A series of walking tours launched next week aim to show participants the hidden mathematics within Oxford.

The free tours, beginning on March 3rd, will take the public around some of Oxford’s best known buildings, including the Sheldonian Theatre, the Ashmolean Museum and the Sackler LIbrary.

The Maths in the City webpage welcomes potential tourists by asking, ‘Did you know that the roof of the Sheldonian is held up by a piece of mathematics that Christopher Wren learnt while he was studying at Oxford?’

Along the tour, the website reveals that participants should expect to discover the ‘influence of maths in the architecture of a building in St. John’s College aptly named ‘the Beehive” and how GPS is indebted to the work of ‘simply geography’ with the help of Einstein.

Meanwhile the Bridge of Sighs is described as ‘an interesting piece of maths hidden in a beautiful piece of architecture. This is also a chance to highlight the importance of mathematical curves in engineering and architecture.’

The project is led by Marcus du Sautoy, Oxford’s Charles Simonyi  Professor for the Public Understanding of Science, who told Cherwell, ‘I love going on walking tours where a guide shows you a side of your city you’ve never been aware of before.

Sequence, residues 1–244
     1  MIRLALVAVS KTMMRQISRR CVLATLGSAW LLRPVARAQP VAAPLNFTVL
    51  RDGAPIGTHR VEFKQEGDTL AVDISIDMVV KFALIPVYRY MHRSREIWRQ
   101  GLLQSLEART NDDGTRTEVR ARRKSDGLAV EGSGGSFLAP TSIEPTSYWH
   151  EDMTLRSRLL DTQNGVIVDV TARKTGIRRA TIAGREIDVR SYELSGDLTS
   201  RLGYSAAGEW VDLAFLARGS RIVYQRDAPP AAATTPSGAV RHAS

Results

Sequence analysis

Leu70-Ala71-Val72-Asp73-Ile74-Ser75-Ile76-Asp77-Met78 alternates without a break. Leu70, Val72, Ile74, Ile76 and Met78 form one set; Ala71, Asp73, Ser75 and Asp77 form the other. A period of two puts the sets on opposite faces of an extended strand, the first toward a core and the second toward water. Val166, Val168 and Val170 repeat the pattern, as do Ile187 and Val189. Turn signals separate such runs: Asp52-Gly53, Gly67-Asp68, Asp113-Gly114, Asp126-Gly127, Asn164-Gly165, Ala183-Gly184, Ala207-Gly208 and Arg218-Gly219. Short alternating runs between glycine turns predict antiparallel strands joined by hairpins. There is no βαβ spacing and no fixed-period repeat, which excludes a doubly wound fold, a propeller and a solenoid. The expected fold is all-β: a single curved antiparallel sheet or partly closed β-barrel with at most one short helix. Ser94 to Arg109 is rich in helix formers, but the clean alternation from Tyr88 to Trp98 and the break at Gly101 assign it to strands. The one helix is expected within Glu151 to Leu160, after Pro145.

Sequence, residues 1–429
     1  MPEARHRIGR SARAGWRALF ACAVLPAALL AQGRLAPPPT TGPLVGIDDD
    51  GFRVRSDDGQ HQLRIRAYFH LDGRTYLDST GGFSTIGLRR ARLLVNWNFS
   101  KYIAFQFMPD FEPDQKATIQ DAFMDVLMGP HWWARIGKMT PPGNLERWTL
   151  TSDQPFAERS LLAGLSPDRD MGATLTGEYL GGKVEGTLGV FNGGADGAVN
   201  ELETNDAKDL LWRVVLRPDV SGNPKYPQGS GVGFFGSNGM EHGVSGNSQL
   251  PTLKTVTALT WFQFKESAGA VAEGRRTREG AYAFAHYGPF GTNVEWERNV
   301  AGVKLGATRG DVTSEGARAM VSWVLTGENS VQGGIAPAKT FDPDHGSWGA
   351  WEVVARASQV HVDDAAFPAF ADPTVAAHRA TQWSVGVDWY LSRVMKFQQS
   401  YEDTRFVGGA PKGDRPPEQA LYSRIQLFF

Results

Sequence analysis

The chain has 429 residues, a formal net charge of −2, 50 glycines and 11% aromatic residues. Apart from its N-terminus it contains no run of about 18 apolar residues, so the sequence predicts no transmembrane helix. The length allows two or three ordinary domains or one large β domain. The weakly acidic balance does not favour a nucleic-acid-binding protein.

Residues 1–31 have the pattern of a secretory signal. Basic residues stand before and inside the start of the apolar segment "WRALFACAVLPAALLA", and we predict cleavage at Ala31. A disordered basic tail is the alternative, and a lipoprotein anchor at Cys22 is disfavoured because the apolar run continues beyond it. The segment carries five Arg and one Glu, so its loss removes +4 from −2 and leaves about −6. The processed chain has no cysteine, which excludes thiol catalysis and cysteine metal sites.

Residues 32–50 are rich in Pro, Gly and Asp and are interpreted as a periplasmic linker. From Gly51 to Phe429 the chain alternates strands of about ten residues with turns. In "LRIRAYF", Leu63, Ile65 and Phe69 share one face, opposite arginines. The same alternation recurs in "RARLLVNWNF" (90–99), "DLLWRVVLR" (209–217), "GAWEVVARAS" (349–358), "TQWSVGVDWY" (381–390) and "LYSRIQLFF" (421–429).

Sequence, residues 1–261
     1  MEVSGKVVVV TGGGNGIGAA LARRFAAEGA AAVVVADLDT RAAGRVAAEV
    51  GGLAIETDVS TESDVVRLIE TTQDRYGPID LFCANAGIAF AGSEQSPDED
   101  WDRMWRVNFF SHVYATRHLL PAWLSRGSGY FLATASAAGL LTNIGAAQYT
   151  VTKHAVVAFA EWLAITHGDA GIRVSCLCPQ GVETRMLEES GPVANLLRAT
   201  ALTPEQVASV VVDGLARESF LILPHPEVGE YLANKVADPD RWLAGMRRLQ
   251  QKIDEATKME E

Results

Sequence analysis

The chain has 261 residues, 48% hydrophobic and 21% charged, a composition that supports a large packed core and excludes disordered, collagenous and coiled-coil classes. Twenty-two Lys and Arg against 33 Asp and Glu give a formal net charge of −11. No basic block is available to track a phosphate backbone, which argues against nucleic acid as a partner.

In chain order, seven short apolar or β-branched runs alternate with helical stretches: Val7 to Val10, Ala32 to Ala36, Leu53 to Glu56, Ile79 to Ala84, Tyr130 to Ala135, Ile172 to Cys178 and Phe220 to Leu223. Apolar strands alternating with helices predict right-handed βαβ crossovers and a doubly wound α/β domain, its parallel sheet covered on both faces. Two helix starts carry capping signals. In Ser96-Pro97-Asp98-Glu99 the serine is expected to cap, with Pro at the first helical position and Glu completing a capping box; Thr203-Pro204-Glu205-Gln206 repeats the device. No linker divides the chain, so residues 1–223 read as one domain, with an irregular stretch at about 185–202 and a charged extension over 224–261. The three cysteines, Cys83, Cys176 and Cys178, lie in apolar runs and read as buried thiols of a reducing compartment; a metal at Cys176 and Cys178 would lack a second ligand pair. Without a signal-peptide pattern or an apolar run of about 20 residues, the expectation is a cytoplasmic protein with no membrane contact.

‘There are so many fascinating mathematical stories hiding behind the buildings and structures of our urban environmment that I thought they would make great material for a tour.’

Du Sautoy stated that his projects would also “nurture the science communicators of the future,” since the tours will be led by Oxford students and members of the public are encouraged to add their own mathematical stories.

University Maths professors have expressed their support, with St John’s fellow Paul Tod stating, ‘It sounds like a clever idea and I know some smart people are involved. It should prompt the walkers to look at their surroundings in a different way, and think constructively about maths outside the classroom.’

Professor Charles Batty added that the project ‘fits well with the style of du Sautoy’s approach to increasing public appreciation of mathematics.’

Maths student Sam Kinsley agreed that it was a ‘great initiative’ which would ‘educate people who aren’t necessarily aware of the less obvious applications of maths.’ Fellow mathematician James Moran added, ‘Many will find it interesting to see another level of history behind [Oxford].’

The tours are organised by Maths in the City and funded by the Engineering and Physical Sciences Research Council.